For this project you just need the DIGNITET curtain wire  & a pack of RIKTIG curtain hooks with clips from Ikea.  The curtain wire is not the easiest thing to put up (that’s why it took me 5 months to get it back on the wall).   I learned a couple lessons the first time and this time I knew to use a GOOD pair of wire clippers for cutting the wire to the right length & solid drywall anchors.  I still had one of the ends pull the anchors out of the wall slightly when I was tightened the wire.

The display ended up being around 7′ long & it looks great with a selection of Liam’s art from the past few months.  It’s really easy to change out what’s on display and only cost around $16.

The next wall to tackle was the one over the futon which can be seen from the entry & dining room.  I didn’t want anything that screamed baby and I thought about some of the larger wall decals but never found anything that was right.  As I was searching on, I found a set of 4×6 Printable ABC Flashcards.  The graphics were cute and colors worked well with the playroom so I decided to use them to create a picture grid wall.   I printed them on card stock on a nice laser printer (I’m sure you can guess where….shhh!)  I tried to save paper/ink the first time by printing 4 per page, but ended up getting the scale wrong so I highly recommend a test print & measure of 1 sheet before printing them all.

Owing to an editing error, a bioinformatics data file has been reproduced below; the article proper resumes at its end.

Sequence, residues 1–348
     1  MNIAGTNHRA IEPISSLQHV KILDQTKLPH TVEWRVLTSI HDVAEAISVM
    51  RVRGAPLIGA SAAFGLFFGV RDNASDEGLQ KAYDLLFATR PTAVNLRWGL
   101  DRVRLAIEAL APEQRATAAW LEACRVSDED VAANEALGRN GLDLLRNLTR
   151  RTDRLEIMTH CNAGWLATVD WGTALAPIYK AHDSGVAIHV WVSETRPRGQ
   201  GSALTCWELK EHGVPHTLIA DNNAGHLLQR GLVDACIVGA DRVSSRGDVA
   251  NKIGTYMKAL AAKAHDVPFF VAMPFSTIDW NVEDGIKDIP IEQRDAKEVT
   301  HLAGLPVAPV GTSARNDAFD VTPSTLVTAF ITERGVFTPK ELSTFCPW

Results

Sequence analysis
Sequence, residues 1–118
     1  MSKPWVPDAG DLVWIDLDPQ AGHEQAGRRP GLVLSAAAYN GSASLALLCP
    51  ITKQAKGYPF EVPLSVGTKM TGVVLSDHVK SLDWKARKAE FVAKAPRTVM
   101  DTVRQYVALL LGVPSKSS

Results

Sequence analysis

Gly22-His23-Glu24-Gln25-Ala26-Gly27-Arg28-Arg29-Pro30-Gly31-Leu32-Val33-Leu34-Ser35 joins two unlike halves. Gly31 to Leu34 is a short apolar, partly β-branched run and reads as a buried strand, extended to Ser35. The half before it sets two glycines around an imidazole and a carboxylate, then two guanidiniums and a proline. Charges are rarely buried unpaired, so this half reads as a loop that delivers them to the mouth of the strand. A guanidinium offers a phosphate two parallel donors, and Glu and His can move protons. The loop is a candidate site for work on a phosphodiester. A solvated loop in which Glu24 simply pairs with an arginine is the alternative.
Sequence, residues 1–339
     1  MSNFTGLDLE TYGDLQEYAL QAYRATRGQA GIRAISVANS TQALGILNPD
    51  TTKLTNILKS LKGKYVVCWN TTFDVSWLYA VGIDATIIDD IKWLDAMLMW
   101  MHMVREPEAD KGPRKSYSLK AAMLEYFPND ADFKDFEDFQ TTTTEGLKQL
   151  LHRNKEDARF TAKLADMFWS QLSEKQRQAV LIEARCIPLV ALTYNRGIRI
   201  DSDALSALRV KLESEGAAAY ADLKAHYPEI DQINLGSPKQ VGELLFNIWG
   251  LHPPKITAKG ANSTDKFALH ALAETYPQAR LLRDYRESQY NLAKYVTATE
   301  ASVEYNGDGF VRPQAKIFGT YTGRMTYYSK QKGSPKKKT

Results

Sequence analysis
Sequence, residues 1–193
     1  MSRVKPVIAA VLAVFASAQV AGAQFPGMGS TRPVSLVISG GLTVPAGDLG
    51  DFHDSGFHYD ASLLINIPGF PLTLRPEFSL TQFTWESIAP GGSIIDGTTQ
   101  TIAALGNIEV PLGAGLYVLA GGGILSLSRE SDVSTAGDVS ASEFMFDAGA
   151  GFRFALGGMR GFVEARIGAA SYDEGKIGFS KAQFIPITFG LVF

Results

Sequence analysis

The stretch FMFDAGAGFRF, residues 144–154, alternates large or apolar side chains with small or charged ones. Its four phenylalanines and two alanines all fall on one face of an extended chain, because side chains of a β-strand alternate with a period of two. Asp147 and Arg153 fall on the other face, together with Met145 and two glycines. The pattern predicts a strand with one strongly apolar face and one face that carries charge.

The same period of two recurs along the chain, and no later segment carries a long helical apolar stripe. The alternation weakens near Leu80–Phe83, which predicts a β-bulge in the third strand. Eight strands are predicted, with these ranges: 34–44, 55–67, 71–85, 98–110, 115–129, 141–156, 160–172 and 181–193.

I found frames at IKEA that were 2 for $2.99 and very lightweight.  I cut out each flashcard using a straight-edge paper trimmer like this one and then framed the set.  I used 1 small size Command Strips at the top of each frame for hanging – velcro the front and back of the strip together before applying to the frame & leave the backing on the wall side until ready to hang.